Sometimes I wish such a device existed for students in their job search. With some searches (OCR) starting so early in the year and other jobs needing people to start right away, it can be hard to know at what point in the senior year to apply for jobs. Well, consider this your official wake-up call (though, sadly, yours does not come with a yellow light and happy song). Now is the perfect time to begin your job search. That’s right, you heard me. You are not too late and contrary to the seemingly popular belief among many Penn seniors, there is no ticking time bomb that will make your life and all job prospects implode upon graduation. Employers do not have a certain window of time in which they will consider hiring college students after graduation. They hire for openings all year round but the right time for you to apply for jobs is not until you’re actually available to start work, which is why now is the ideal time to be on the job hunt.
If you started applying for jobs earlier in the semester but have not had any success it may not be you. Because employers who post jobs usually need someone who can start immediately you would likely would not have been considered for jobs that were posted in January, February or even early March; it was probably just too early. So, don’t get discouraged. As Penn grads, you have many great qualities to offer employers.
So, grab a cup of coffee and, once you are done with finals, start your job search anew. Come see us in Career Services so that we help you revitalize your job search. And even though you may feel like “The Final Countdown” is the theme of your life at the moment, try to ignore the “tick tock” of any proverbial countdown on the career front. There is no deadline to find a job. If you still don’t believe me, here are some actual quotes from our career plan surveys from the class of 2011 and 2010:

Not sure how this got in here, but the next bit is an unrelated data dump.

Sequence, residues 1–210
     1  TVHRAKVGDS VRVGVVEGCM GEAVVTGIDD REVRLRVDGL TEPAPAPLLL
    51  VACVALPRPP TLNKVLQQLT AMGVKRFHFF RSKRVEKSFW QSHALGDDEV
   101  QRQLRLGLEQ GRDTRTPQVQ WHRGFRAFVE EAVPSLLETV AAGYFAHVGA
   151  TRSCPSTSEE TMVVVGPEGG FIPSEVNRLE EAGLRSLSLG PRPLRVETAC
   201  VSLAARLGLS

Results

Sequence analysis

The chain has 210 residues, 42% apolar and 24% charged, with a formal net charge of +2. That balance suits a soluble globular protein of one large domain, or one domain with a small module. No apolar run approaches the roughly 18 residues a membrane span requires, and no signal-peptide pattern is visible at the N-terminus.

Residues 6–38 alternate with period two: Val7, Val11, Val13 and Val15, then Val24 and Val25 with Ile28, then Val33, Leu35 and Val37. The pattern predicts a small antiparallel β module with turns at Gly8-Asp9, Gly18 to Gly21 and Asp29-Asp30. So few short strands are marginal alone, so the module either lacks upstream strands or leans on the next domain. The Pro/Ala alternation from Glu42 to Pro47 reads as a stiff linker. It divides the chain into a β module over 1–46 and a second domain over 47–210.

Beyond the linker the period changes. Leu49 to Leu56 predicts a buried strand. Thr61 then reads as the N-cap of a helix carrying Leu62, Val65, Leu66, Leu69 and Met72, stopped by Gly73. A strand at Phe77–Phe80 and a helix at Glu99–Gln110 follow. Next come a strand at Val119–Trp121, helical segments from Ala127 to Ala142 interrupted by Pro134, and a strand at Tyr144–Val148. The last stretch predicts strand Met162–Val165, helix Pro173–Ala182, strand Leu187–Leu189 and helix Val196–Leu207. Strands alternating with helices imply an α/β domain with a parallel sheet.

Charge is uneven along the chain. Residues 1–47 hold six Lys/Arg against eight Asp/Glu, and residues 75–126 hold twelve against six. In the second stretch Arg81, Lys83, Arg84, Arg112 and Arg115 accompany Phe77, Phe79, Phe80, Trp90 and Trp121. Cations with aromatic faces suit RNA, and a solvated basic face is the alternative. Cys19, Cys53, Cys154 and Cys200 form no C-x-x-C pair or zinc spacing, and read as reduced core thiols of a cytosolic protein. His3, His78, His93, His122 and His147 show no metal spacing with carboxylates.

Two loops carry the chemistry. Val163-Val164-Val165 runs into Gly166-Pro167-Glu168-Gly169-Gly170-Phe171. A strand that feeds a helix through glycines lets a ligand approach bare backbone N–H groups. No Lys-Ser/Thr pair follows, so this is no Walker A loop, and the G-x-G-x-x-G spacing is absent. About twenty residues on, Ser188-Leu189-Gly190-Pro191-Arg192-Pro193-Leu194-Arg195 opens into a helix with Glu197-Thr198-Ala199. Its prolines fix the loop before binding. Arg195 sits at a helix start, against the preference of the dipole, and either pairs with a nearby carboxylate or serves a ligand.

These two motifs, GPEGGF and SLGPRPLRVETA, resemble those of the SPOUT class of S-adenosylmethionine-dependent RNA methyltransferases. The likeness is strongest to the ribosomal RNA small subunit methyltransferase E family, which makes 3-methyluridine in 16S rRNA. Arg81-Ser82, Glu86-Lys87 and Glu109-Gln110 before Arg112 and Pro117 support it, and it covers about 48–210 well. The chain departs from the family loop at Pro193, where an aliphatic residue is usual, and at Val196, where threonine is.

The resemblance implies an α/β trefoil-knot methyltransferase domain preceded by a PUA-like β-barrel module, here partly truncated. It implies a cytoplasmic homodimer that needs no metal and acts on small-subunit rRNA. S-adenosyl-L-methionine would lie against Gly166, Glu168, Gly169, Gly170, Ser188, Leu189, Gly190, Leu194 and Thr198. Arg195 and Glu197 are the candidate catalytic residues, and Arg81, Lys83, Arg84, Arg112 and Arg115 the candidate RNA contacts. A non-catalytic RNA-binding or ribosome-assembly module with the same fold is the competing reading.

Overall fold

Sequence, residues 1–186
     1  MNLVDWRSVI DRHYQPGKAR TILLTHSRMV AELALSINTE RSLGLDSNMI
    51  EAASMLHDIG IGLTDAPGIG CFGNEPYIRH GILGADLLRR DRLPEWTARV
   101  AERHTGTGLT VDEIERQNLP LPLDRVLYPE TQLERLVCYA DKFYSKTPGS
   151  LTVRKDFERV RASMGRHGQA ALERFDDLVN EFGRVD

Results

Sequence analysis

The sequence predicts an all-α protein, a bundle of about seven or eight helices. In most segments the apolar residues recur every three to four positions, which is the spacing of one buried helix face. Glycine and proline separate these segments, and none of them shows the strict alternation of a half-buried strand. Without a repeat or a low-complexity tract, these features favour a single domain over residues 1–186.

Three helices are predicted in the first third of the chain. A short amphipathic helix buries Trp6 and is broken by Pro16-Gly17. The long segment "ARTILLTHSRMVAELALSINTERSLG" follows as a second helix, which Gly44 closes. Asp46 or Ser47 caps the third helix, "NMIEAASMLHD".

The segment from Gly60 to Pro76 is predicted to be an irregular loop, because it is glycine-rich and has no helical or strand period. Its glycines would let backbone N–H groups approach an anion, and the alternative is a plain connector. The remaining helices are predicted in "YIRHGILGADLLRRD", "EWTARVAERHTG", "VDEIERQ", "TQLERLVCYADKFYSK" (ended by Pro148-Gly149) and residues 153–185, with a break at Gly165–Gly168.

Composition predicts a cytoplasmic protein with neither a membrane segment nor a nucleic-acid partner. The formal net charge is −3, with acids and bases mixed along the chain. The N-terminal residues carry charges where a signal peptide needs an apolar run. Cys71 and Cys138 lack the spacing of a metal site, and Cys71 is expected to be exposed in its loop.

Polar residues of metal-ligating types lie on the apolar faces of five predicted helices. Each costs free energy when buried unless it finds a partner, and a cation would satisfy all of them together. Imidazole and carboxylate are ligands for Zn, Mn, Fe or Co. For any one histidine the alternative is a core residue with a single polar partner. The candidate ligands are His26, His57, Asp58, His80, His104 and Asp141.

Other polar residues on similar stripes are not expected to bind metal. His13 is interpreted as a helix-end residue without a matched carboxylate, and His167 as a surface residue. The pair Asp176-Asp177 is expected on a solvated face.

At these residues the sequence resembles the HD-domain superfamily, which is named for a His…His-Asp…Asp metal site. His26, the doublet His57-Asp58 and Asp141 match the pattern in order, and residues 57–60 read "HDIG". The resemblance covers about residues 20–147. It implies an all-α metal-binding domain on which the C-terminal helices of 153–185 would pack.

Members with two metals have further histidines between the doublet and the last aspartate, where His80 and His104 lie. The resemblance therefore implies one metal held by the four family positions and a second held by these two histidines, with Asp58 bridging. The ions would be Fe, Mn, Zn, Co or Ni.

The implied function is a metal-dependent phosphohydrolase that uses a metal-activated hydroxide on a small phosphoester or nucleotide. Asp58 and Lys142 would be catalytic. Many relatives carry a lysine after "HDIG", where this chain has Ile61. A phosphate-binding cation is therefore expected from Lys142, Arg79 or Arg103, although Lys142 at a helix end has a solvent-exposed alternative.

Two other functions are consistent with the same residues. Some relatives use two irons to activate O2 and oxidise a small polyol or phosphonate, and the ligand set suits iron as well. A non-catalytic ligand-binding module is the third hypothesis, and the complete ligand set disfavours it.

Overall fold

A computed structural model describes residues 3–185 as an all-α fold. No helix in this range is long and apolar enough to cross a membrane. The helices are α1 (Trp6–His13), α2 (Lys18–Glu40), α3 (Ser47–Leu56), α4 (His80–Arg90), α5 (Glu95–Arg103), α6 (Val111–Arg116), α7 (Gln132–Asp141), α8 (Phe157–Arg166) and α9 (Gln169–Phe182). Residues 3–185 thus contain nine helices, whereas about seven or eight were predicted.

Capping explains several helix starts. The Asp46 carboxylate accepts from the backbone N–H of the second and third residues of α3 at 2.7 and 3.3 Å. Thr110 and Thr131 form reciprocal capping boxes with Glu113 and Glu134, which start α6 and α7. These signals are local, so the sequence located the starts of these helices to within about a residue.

Words of Wisdom from Alumni
“I would say the keys to finding a great and fitting post-grad opportunity are patience, reflection and initiative. I made many bold moves over the past year. Not rushing into programs simply because I didn’t know what to do; not succumbing to the pressures to just “take whatever’s available”; and having the audacity to apply for a highly competitive program that was my fit…you have to know what you want and be willing to reach for it. Be patient. Reflect. And go for it.”
“My job search started in February/March of my senior spring and ended shortly after graduation… I was interviewing for the job I ultimately accepted (a rotation analyst position with Nielsen, in their leadership development program) for around 2 months (an intensive process). Was almost convinced I wouldn’t get it after interviewing for so long but was persistent, prepared extensively for my in-person interviews…Was offered the job a month after graduation and accepted gladly.”
“Searching during the Spring semester was pretty difficult; I really had no idea what direction I wanted to follow after graduation. The opportunity I ended up taking was one that I initially passed up because I wasn’t really interested…In the first week in September I came upon an old flyer for the same opportunity and after many months of summer rest/rejuvenation/reflection I realized that this was the perfect position for moving toward my goal. “
“Took an unpaid PR internship in NYC for the summer, and began applying for jobs in early July. I received 2 interviews within 4 days, and got offered a job the day after one of the interviews.”
“I started in January, and it took me until April to get the job. You have to be very persistent, but rest assured you will find something.”
“I accepted a paid internship in August in a field that I wanted to be in, which had the potential to turn into a full-time job in 3-4 months, given my performance and the financial status of the company. However, a previous internship employer contacted me about a full-time opportunity [where I am currently working] during my paid internship.”
If the term “headhunter” doesn’t conjure up Hunger Games-esque imagery, or, as one dictionary website put it, “a member of society who collects the heads of dead enemies as trophies,” you probably think of some mythical creature who magically finds jobs for others. In reality, the term is much less glamorous, mysterious, and hopefully, a lot less bloody. Here are some things to know about headhunters to help you not lose your own head when thinking about job hunt strategies: